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5.6Problems

 

Explain the transport mechanism by which certain molecules and ions cross a biological membrane from the inside to the outside against the concentration gradient (assuming that the concentration is higher outside the membrane).

1)

Provide an outline of the transport pathways through which proteins synthesized in the cytoplasm are transported to different organelles.

2)

Are proteins synthesized anywhere other than in the cytoplasm? If so, please specify.

 

It has been suggested that mitochondria and chloroplasts have evolved from symbiotic bacteria that parasitized primitive eukaryotic cells. Explain the basis of this theory.

 

In a biological membrane, it is easy for lipid molecules to move on the surface of the bilayer, but molecules rarely move between the inside and outside lipid surfaces. Outline the reasons for this.

 

Nerve excitation transmission occurs only in one direction. Outline the reasons for this.

 

Although it may be suggested that the material composition of endoplasmic reticula, Golgi apparatuses, the plasma membrane and other organelles should gradually become similar to each other through vesicular transport, they are actually quite different. Explain the mechanism of this phenomenon.

 

Explain the transport mechanism by which certain molecules and ions cross a biological membrane from the inside to the outside against the concentration gradient (assuming that the concentration is higher outside the membrane).

To transport materials against the concentration gradient, active transport by proteins embedded in the plasma membrane is necessary. Three such mechanisms are known:
The first is active transport using ATP energy.
The second is transport against the concentration gradient that occurs in association with transport that follows the concentration gradient.
The third is transport that carries molecules against the concentration gradient through structural changes caused by light energy. (See the text in 5.3 and Figs. 5-4 and 5-5.)
[Commentary]
The diffusion rate of molecules in a biological membrane consisting of a lipid bilayer changes greatly with the nature of the molecules. Large, uncharged molecules (e.g., glucose) and ions (e.g., H+) barely penetrate the membranes, and are therefore transported selectively by protein-based transport mechanisms. This creates a difference in the concentration of ions and molecules between the outside and inside of the membrane.

1)

Provide an outline of the transport pathways through which proteins synthesized in the cytoplasm are transported to different organelles.

The signal peptides in the amino acid sequence of the protein to be transported play an important role. As an example, proteins that have a nuclear localization signal are transported into the nucleus through nuclear pores. Proteins that have an endoplasmic-reticulum localization signal are integrated into endoplasmic reticula upon the translation of the signal sequence. The proteins transferred to the membrane are packed in transport vesicles and transported via endoplasmic reticula and Golgi bodies (See the text in 5.4 and Figs. 5-7 to 5-9).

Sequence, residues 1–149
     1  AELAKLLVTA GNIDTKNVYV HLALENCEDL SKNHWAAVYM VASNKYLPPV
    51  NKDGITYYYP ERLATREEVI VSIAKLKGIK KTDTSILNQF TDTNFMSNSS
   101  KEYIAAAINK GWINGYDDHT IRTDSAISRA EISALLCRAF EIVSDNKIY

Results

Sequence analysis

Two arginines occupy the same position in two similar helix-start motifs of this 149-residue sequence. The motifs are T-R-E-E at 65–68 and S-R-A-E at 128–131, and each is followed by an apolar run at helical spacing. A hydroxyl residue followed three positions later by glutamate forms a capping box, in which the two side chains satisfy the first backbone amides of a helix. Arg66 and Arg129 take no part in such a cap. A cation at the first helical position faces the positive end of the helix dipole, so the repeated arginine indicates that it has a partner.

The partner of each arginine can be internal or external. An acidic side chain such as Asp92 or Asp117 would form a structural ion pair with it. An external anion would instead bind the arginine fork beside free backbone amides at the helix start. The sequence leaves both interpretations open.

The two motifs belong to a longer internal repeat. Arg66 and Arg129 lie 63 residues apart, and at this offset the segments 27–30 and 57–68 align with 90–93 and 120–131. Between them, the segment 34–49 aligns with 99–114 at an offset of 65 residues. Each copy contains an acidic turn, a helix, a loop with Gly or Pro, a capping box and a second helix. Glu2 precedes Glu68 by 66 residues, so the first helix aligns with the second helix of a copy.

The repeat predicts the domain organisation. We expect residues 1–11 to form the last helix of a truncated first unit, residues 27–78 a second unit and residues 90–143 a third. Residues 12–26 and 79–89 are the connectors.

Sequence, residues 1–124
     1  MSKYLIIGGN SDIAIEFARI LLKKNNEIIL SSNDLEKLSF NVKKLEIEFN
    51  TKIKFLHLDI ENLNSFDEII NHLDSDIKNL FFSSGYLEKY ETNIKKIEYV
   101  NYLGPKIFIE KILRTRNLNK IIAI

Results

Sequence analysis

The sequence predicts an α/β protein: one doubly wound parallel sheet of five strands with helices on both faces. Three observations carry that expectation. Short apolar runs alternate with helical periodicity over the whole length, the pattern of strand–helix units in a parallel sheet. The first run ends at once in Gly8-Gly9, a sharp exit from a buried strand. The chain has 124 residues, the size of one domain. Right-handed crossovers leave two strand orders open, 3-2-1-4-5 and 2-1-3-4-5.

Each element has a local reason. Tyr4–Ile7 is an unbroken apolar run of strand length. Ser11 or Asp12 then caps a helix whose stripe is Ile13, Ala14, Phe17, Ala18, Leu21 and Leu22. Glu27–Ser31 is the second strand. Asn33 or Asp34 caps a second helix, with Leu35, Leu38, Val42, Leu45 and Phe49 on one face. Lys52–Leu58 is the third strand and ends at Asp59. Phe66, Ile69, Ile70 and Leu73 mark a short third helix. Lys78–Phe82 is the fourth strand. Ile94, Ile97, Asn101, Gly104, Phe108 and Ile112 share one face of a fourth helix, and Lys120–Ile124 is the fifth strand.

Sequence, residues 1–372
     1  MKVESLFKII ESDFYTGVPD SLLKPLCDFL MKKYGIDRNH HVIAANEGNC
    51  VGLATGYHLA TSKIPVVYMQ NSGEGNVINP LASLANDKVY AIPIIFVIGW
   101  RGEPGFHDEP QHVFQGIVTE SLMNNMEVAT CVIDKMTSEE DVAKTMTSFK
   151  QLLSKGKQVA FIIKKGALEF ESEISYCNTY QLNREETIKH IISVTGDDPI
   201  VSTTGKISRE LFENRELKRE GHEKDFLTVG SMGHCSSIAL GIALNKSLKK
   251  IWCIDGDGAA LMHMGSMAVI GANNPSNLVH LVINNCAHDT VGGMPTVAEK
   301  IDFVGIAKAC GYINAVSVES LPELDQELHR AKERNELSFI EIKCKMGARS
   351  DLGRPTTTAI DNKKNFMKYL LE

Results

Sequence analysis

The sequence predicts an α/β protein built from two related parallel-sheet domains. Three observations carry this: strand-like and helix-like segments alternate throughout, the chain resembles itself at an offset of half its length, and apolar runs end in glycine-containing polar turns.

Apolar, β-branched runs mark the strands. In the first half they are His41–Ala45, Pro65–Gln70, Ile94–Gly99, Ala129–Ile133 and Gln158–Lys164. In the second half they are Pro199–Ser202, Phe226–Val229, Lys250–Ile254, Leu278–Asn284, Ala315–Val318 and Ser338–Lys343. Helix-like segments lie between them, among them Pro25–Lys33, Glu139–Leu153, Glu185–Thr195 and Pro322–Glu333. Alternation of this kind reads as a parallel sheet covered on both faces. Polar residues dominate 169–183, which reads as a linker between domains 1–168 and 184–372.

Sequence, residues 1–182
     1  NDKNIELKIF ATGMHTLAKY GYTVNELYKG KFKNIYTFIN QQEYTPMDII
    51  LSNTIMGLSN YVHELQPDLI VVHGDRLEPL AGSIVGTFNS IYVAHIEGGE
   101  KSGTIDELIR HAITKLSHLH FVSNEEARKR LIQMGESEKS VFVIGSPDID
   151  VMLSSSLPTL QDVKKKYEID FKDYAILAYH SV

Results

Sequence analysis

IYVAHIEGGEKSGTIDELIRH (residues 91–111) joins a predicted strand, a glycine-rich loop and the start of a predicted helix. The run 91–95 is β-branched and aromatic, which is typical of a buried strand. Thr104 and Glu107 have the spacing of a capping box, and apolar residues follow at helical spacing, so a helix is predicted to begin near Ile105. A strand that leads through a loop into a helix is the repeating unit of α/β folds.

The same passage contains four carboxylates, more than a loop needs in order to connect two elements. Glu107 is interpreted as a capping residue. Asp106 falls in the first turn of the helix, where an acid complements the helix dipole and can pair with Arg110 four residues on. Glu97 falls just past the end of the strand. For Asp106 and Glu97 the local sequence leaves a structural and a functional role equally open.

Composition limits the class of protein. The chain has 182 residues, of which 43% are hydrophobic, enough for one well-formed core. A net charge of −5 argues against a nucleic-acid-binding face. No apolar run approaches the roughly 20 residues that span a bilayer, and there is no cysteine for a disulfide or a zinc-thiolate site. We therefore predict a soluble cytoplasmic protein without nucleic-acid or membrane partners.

2)

Are proteins synthesized anywhere other than in the cytoplasm? If so, please specify.

Since mitochondria and chloroplasts have a genome of their own, proteins are synthesized within the organelles.

 

It has been suggested that mitochondria and chloroplasts have evolved from symbiotic bacteria that parasitized primitive eukaryotic cells. Explain the basis of this theory.

The organism with the genome sequence most similar to the genome of chloroplasts is cyanobacteria. Likewise, it has been confirmed that the genome of mitochondria shows high homology to the genome of rickettsiae (a group of bacteria). These examples of DNA sequence homology form the basis of the endosymbiotic theory.

 

In a biological membrane, it is easy for lipid molecules to move on the surface of the bilayer, but molecules rarely move between the inside and outside lipid surfaces. Outline the reasons for this.

Lipid molecules have polarity, meaning that large amounts of energy are not required for in-plane movement as the polar groups of the molecules remain in contact with the aqueous phase. However, movement from one side to the other side of the membrane requires a high level of activation energy, as the polar groups need to penetrate the hydrophobic membrane.

 

Nerve excitation transmission occurs only in one direction. Outline the reasons for this.

This occurs because the first stimulus enters the end of thin neurons and the Na+ channel has a refractory period.

 

Although it may be suggested that the material composition of endoplasmic reticula, Golgi apparatuses, the plasma membrane and other organelles should gradually become similar to each other through vesicular transport, they are actually quite different. Explain the mechanism of this phenomenon.

The material compositions of these organelles are maintained by dynamic equilibrium. One example is that the membrane used in transport between endoplasmic reticula and Golgi bodies is collected during the return transport, and only the proteins transported are passed on.

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